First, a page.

I’ve been spending a lot of time thinking about how collaborative platforms are going to evolve or the next few years. After starting my vendor review series I was really able to get much more insight into what vendors are thinking and where they are going. I was also able to look at what organizations are doing that are actually deploying these collaborative technologies and strategies. Of course every emergent collaboration vendor has their own vision of where they want to go and where they see the future of collaboration. However, I believe the next evolution of these products is going to be to “smart” platforms.” In a subsequent post I’ll look at what I think some of the characteristics of “smart” platforms are but for now I just want to introduce the concept.
Currently many organizations that use collaborative solutions internally do see significant business value from their efforts but the platforms are still largely very manual. In other words the platforms we have today change where we work and allow us to work more efficiently. But these platforms are mostly just empty vessels which require work from employees to function. Basically we’re still driving Flinstone cars instead of the modern cars we have today.
So what could a “smart” platform look like or do?
A “smart” platform will make certain decisions and take actions on our behalf. For example this type of a platform might be able to allow us to drag and drop a document into our file storage system which then creates any necessary project groups (with proper taxonomy and naming conventions already built in) and invites all the right people without us having to do any of the work, it just “knows” who needs to be a part of that project. Another example might be that the platform “sees” the type of work that an employee is doing and automatically recommends a person to collaborate with or suggests additional relevant information that the employee might benefit from (with context around why). This platform will be able to, for lack of a better word, understand how individual employees work and will adjust accordingly. Another example might be that the platform dynamically adjusts what the user experience looks like or feels like based on how the employee uses the platform.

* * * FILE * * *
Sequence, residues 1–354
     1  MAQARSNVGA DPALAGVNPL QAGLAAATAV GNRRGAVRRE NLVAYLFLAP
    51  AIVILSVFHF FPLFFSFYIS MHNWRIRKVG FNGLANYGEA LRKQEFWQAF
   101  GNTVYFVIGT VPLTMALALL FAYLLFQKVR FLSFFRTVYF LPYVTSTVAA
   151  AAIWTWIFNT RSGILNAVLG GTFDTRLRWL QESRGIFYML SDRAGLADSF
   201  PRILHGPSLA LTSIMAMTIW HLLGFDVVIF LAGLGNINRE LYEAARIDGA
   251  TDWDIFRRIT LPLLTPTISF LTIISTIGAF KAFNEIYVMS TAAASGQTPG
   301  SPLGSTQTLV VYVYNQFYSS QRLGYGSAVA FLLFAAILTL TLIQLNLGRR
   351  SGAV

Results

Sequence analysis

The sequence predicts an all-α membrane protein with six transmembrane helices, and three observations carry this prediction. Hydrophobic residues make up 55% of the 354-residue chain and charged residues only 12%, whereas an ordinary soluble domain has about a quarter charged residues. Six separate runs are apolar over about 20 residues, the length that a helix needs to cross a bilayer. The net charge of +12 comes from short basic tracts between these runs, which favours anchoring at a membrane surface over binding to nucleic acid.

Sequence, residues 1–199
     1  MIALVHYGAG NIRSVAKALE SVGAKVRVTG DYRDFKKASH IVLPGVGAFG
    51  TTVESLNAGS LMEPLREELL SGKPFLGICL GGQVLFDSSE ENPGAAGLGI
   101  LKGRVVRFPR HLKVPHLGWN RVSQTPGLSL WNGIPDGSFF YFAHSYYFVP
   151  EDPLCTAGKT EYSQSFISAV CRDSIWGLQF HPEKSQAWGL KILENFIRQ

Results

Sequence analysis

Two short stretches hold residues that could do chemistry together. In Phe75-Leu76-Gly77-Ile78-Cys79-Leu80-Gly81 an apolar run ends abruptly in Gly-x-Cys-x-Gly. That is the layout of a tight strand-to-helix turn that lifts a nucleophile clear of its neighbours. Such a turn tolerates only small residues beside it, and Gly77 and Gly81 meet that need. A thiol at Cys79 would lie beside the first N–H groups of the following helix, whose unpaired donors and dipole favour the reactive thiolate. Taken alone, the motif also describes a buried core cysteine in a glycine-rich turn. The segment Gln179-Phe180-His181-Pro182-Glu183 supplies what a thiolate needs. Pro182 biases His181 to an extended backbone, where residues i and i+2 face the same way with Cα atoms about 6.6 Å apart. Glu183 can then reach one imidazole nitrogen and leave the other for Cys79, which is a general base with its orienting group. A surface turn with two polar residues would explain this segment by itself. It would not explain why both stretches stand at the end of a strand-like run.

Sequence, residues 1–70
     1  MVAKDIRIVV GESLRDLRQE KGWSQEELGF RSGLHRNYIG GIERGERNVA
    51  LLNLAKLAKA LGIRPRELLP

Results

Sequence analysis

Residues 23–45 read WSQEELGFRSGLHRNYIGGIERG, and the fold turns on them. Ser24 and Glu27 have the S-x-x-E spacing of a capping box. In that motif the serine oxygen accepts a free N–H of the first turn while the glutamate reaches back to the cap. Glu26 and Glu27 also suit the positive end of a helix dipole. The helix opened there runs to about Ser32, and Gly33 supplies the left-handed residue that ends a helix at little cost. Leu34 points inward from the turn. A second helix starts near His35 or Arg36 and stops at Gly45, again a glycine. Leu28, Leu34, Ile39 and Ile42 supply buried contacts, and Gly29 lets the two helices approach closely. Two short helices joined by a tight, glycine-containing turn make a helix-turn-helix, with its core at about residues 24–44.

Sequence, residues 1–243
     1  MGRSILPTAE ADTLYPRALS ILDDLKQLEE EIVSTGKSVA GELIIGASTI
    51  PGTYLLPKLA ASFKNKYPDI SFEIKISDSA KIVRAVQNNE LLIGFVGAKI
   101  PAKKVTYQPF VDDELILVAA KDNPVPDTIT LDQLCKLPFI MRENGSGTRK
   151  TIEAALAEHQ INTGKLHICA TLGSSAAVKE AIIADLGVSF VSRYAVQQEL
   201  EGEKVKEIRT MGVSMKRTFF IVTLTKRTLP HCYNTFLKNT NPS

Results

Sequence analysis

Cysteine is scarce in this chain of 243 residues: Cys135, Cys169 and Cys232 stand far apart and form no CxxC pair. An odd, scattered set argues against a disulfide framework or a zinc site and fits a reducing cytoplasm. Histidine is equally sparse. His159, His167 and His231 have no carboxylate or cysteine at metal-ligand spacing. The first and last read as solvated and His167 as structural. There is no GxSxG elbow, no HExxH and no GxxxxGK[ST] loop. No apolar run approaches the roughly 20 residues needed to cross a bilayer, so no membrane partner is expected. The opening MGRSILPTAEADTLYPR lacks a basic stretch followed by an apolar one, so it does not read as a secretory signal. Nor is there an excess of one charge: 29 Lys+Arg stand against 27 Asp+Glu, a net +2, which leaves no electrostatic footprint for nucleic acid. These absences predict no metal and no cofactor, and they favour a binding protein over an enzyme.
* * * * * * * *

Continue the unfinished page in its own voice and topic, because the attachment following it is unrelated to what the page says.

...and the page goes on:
It’s funny, when SIRI first came out the first thing that I thought of were the enterprise applications. In fact I have a hard time trying to see a future where we don’t interact and get work done through our devices without using our voice. This is also what I think of when I see Watson, IBMs new super computer which is already making it’s way into the enterprise.
I personally find it fun and interesting to think about what the future of collaboration and work can look like. But, it’s interesting to do so without focusing on any limits that technology might impose. In other words assuming that anything can be done, how do you think work change over the next 3 years, what about 10 years?
(Cross-posted @ Social Business Advisor: Social CRM and Enterprise 2.0)